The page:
1. Some 1200 miners were killed at Whitehaven's Haig Pit.
Cumbria suffered two major disasters, both in Whitehaven. The Wellington Pit disaster killed 136 men and boys, while the William Pit Disaster in 1947, claimed 104 victims.
Harrowing as these reports may be, they can do little to convey the full misery and suffering. The news that the families bread winner, or winners as was so often the case, had perished, must have only been the beginning of the suffering. The widow's pension of 2 shillings was considered high in 1839, but must have been hard stretched to raise a family. Even "Lame persons doing nothing" received 5 shillings a week in the 1802 payroll for the Howgill Colliery. Even without the frequent accidents, the conditions underground were horrendous. An account of a visit to William Pit in 1814 vividly describes the suffering of the young children and miners at the hands of the coal owners.
The mine extended miles under the sea bed and methane was the danger.
2.Sellafield (aka Windscale) is just a little way down from Whitehaven:
The "Beach Incident"
1983 was the year of the "Beach Discharge Incident" in which high radioactive discharges containing ruthenium and rhodium 106, both beta-emitting isotopes, resulted in the closure of a beach. BNFL received a fine of £10,000 for this discharge. 1983 was also the year in which Yorkshire Television produced a documentary "Windscale: The Nuclear Laundry", which claimed that the low levels of radioactivity that are associated with waste streams from nuclear plants such as Sellafield did pose a non-negligible risk.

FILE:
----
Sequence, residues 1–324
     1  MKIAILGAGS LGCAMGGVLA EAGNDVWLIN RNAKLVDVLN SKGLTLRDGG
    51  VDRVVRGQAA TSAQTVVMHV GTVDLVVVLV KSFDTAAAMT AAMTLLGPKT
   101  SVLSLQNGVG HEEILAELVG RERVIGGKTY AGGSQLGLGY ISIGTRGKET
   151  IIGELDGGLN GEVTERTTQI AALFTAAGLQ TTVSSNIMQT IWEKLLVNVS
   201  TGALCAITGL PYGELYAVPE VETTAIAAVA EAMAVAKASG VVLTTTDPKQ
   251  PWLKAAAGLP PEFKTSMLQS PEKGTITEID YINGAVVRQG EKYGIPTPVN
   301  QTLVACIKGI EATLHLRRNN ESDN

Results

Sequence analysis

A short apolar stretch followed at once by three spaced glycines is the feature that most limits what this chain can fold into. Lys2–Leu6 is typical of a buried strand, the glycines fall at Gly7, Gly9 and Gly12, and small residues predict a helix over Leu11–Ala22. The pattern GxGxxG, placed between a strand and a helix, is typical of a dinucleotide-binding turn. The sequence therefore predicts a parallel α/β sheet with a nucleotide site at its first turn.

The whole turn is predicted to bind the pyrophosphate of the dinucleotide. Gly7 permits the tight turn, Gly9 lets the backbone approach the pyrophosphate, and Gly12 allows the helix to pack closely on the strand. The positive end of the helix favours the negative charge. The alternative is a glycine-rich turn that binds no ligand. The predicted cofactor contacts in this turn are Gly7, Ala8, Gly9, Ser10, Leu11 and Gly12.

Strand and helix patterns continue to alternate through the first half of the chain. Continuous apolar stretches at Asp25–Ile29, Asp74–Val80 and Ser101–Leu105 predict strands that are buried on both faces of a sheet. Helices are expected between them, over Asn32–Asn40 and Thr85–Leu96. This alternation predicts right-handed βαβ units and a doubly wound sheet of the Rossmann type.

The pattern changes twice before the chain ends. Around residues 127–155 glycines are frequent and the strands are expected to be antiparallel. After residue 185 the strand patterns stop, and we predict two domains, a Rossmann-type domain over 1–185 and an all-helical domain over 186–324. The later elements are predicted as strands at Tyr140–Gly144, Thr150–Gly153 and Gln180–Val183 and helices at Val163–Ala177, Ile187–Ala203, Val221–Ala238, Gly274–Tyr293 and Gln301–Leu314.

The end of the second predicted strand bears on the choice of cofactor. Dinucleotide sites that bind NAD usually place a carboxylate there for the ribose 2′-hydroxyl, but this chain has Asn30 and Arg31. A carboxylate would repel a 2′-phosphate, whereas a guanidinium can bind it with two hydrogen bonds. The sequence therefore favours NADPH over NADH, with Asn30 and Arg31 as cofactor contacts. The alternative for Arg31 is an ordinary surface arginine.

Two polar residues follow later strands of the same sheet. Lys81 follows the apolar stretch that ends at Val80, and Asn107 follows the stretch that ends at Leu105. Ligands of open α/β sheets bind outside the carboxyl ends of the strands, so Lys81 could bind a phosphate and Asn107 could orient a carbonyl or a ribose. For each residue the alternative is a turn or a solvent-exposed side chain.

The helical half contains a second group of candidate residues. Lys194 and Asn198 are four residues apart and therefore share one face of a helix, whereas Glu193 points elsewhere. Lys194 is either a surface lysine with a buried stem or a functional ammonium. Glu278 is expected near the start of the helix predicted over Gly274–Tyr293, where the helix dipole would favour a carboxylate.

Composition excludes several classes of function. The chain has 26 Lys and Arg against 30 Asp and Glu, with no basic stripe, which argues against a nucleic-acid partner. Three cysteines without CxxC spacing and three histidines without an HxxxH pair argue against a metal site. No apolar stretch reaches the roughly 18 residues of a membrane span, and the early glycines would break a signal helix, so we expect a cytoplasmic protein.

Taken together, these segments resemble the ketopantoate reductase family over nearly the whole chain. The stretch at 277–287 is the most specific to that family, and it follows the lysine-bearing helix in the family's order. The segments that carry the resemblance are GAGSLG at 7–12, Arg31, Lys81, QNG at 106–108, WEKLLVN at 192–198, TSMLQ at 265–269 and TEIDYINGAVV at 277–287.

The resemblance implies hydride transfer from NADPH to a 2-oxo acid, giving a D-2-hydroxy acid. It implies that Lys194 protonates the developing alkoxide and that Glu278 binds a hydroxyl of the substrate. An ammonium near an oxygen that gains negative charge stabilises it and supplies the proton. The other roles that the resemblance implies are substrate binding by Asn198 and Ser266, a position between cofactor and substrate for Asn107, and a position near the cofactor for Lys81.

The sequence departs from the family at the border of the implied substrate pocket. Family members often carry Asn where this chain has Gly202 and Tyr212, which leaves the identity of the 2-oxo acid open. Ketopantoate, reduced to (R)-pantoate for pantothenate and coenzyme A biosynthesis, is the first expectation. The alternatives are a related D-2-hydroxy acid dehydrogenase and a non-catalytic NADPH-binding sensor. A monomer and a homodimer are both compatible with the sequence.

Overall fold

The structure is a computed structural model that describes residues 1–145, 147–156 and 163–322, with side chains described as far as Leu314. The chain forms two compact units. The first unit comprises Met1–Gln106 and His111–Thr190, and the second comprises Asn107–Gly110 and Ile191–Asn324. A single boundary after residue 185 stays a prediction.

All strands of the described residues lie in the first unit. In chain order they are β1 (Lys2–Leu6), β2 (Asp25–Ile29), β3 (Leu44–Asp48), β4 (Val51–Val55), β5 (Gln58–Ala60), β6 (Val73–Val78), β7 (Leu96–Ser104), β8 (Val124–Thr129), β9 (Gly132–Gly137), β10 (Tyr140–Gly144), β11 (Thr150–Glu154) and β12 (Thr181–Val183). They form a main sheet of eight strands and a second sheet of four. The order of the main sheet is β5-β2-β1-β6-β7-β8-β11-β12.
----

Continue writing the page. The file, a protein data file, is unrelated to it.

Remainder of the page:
As you approach over hill you catch sight of the sea. There is the marina and the beach in the next natural inlet. The sand is greyish from the coal. No-one bathes there.
It is a rather lovely Georgian town in the centre now. Tony R picks me up at Carlisle and in about an hour or so we are there. The old port might well have been a rival to Liverpool, even supplanted Liverpool, at one time. The port authority buildings stand there still mostly converted into accommodation. Back at the time of the American War of Independence in 1778 it was important enough for John Paul Jones to launch an attack on it that failed because of bad tides and mutinous crew. There is a bench in the marina that commemorates it. There is also a Millenium Pavilion, a wave sculpture, gulls, swans, dogs darting into the water, but not much traffic even at 5.30-ish. Not much unemployment here, says Tony, most people on a fairly equal economic footing. Chemical works nearby. All quiet if a bit isolated. And, despite the Tourism Office in the marina, not much tourism either. A lot of boats though gently knocking in the bay.
But I am here to write about the fiftieth anniversary of the Rosehill Theatre, founded by the Hungarian silk-manufacturer and merchant, Sir Nichols Sekers, and its relaunch as a venue for concerts and plays under Richard Elder, the Director. To that end there is a weekend of events, the first of which was on Thursday night, involving a short film about the designer Oliver Messel who worked with Sekers to create the theatre. Anthony Snowdon does a very passable Sekers imitation in it, complete with Hungarian accent and pencil as cigarette holder. I am also dipping into the newly published history of Rosehill.
The world of Sekers and Messel is a million miles from the world of the miners, but here they were together, and here last night were many who remembered Sekers and Messel. It was primarily that world at the event last night. I shall keep reading and see what transpires. Notes to continue. This in haste complete with possible typos.